The Leonard Cohen Files: bridging the gap between artist and fans
In 1993, legendary poet, singer and songwriter Leonard Cohen stopped performing and writing. He retreated to a Buddhist monastery and planned not to perform in the following years. At the beginning of 2008 an official announcement told the world he would be performing in a world tour again, after 15 years. At Leonard Cohen’s personal request, the announcement was not made through a press release. Rather, the official message was posted on the Leonard Cohen fan forum.
This is the story of how one fan created an online fan network that would ultimately be recognized and embraced by Leonard Cohen himself, his management, and his record company
Less than two years after Leonard Cohen had dissappeared from the world stage, one fan from Finland started The Leonard Cohen Files (a.k.a. The Files). This website paid tribute to the music, art and poetry of Leonard Cohen. With no official Leonard Cohen website available until 1998, Leonard Cohen fans from around the world soon reached The Files. The associated Leonard Cohen Forum enabled fans to talk with each other, to discuss lyrics, song meanings, and everything else concerning Leonard Cohen. Upon returning from the monastery in 1999, Leonard Cohen personally sent The Files the poetry and art he had worked on in the monastery. Ever since, Leonard Cohen has had close contact with The Files and Forum members.
“It was the site of a fan from Finland. When I saw his site for the first time, I was very impressed by his effort. I asked him if we shouldn’t work together. The Internet is a good “vehicle” for publishing.” (Leonard Cohen in COM!Online 2/2002)
The 2001 and 2004 cd releases boosted The Files’ and Forum activity, attracting more fans to discuss the new (and older) material. The number of registered users rose from 156 on 25 September 2002 to 1269 on 25 January 2005.
Still, the gathered group of fans remained relatively small until January 2008 when, at Leonard Cohen’s request, The Files and Forum were the first to officially announce Leonard Cohen’s upcoming world tour. As of 11 September 2010 there are 22192 members, and counting.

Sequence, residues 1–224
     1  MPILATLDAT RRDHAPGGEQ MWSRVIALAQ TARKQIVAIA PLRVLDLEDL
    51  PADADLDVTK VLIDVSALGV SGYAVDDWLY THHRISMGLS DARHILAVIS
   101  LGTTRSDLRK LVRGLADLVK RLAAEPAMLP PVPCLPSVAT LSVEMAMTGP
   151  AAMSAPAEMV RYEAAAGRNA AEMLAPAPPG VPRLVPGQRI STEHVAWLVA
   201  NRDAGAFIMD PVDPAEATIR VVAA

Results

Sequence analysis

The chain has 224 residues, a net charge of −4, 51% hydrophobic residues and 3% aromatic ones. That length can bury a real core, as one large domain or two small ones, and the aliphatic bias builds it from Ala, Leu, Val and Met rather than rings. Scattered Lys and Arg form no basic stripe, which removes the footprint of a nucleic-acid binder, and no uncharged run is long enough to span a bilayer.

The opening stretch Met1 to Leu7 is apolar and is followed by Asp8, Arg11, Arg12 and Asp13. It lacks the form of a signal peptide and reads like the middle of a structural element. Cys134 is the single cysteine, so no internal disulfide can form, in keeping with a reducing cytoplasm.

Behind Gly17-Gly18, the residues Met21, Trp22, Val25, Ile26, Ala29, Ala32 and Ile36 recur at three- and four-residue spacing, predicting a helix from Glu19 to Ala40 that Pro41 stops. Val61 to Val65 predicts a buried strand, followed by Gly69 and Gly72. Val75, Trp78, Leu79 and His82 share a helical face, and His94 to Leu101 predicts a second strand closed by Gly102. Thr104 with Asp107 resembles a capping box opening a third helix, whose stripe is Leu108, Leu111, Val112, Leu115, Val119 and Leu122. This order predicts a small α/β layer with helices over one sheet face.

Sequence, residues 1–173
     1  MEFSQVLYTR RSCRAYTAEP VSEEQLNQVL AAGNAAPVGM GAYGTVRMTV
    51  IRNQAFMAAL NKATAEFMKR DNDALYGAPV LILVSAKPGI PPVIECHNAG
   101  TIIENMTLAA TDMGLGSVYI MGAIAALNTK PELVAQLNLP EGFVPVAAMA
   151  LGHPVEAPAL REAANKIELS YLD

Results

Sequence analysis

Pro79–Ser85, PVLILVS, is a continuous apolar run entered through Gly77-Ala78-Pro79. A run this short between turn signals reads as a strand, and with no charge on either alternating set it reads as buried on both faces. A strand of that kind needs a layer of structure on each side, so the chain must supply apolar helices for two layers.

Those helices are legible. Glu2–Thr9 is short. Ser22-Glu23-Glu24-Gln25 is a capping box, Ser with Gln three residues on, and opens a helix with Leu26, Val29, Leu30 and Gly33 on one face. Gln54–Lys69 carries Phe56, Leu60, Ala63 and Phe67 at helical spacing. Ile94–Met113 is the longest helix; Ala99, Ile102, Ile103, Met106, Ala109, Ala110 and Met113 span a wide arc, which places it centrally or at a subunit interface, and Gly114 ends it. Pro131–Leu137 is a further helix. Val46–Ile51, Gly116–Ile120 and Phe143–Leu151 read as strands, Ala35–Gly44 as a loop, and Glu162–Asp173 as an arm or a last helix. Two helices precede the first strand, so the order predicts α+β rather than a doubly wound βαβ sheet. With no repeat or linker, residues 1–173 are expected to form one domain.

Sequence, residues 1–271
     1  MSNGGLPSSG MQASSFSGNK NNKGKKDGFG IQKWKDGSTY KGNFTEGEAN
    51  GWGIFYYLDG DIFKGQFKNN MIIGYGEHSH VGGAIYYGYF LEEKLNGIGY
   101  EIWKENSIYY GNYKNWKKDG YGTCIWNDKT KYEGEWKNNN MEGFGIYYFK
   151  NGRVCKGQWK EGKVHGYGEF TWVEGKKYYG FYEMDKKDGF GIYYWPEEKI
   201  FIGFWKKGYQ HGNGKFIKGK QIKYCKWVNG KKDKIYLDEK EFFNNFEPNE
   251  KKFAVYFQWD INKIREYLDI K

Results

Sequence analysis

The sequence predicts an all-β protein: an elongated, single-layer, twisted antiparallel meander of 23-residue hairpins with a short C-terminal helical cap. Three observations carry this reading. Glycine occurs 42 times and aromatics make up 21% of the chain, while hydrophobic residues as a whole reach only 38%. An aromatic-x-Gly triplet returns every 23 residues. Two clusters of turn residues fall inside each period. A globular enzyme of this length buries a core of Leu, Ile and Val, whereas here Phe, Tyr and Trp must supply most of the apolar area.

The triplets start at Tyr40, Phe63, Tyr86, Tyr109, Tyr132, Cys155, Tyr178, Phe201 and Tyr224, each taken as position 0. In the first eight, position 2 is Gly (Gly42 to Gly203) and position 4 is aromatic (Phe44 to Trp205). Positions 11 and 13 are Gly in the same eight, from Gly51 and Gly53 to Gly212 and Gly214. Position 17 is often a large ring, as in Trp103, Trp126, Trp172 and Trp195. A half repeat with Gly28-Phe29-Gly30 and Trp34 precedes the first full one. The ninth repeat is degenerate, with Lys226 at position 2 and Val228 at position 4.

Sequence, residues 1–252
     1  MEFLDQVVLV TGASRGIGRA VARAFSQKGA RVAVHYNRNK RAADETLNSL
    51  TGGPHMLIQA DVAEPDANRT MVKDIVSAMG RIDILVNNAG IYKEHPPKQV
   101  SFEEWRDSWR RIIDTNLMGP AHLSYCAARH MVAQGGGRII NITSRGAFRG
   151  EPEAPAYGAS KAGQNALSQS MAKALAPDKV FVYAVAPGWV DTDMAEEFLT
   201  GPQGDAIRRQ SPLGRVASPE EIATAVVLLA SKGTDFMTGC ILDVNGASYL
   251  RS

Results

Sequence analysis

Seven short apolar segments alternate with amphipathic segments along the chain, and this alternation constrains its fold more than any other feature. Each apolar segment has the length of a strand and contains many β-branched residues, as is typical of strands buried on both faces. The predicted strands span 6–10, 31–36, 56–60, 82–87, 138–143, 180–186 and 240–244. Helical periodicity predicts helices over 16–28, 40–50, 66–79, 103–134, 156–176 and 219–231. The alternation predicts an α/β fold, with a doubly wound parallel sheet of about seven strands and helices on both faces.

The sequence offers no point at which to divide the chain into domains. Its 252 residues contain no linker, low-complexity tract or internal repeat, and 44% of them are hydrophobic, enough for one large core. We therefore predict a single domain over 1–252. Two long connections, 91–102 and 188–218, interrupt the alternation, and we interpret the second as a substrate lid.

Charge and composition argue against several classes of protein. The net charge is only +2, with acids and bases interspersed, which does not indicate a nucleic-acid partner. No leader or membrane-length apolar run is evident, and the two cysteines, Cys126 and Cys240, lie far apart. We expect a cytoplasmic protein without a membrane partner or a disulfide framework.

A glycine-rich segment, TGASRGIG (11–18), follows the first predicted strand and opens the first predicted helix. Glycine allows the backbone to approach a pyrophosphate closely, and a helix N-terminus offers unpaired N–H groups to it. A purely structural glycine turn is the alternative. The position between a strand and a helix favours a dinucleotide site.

Since the official announcement of the new world tour, The Forum has attracted more and more visitors. All official announcements, from new tour dates, ticket sales, and new releases, are made through The Forum. The official Leonard Cohen website often fails to publish new tour dates before ticket sales start. The official website has even failed to publish all of the summer 2009 tour dates. The Files and Forum, however, are and always have been accurate, up to date, and on time.
With the launch of the new world tour in 2008, the official website LeonardCohen.com received a make-over. Besides providing song lyrics, videos and all one expects to see on an artist’s official website, the top of the page now shows a button that says ‘community‘. When clicked, the Leonard Cohen fan forum pops up! This shows that the official Leonard Cohen website has not tried to build its own community, but has embraced the fans as they had gathered themselves already.
The story of The Files and Forum fits into the understanding that new media are apt to change the boundaries between industrial top-down production and the individual consumer. The Internet has provided one Leonard Cohen fan the tools to set up a place where all fans could gather. Fans were no longer mere individual consumers buying an artist’s cd. The fans became a solid group and could not be ignored. Without the Internet, no 22192 people from all over the world could have been brought together on such a regular basis as on an online forum. Together, the fans formed a community that ultimately gained the recognition by the artist and his representatives. This is already confirmed by the fact that the fan forum is now part of the official Leonard Cohen website.
Although the 1995 fan website predates the Web 2.0 era, still is part of the long obsolete webring, and virually has not changed stylistically, it still proves to be an apt example of the Internet’s potential of bringing people together. This particular case of Leonard Cohen and his fans shows that through the Internet one individual fan was able to set up a community that was later to be embraced by the industry itself, bridging the gap between the artist and the fans.
At 8m23s into the following clip Leonard Cohen thanks the Finnish fan on stage at the end of a recent concert in Helsinki for keeping his songs alive all these years. What better recognition can one receive?